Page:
Returning to Ad Astra, a few months after its cinema release back in September, was a surprisingly rewarding experience. I’m always curious about returning to films like this when their disc releases come out, and more so regards this film than some. I really had mixed feelings about the film when I first saw it, and while my reservations remain, particularly towards its ending, I have to confess I enjoyed the film much more second time around. Diminished expectations and all that.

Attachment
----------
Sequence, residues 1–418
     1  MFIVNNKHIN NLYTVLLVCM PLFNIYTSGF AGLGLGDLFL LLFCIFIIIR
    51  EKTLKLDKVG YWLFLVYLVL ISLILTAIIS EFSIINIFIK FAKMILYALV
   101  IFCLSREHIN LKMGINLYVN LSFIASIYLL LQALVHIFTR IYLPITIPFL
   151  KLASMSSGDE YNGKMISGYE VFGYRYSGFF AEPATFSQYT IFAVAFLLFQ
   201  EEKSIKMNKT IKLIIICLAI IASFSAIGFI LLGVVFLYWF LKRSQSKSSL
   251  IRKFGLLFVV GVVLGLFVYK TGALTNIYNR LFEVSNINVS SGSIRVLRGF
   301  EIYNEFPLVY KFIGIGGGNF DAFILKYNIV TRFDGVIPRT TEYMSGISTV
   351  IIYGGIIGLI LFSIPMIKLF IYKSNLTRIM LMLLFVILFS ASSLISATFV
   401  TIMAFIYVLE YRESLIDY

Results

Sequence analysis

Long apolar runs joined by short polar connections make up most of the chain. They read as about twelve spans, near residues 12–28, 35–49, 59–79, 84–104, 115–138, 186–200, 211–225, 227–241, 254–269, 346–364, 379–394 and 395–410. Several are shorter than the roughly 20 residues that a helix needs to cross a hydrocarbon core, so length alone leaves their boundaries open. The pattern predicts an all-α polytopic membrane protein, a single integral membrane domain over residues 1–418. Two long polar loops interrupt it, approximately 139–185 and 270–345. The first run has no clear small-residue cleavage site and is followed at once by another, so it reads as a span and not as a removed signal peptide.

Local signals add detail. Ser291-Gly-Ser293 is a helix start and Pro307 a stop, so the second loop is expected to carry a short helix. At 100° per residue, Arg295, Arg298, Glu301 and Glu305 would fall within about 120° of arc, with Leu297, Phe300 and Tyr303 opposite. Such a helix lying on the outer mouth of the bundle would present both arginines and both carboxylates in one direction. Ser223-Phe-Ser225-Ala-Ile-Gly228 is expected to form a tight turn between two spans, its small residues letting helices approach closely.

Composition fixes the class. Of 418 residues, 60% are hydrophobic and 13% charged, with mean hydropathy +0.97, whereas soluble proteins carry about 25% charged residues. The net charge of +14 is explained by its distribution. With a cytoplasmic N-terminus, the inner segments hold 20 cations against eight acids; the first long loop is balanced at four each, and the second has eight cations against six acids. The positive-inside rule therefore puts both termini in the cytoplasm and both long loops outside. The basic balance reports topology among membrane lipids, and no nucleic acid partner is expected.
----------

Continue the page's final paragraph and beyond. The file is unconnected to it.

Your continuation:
First things first though, I have to say, this film looks absolutely gorgeous on 4K UHD, indeed much, much better than it did back in the cinema. I’d possibly forgotten how beautiful the film’s cinematography was, but certainly the tired projection quality/old screens of my Cineworld (currently getting a refurb as I type this so hopefully soon rectified) can’t match sitting a few feet away from my 55″ OLED. There is a lovely filmic quality to the very detailed image, a nice amount of (but not overpowering) grain, some subtle HDR and beautiful colour range- its a great addition to the format and a reminder that sometimes its worth paying a premium. So it looks pretty. But what about the film?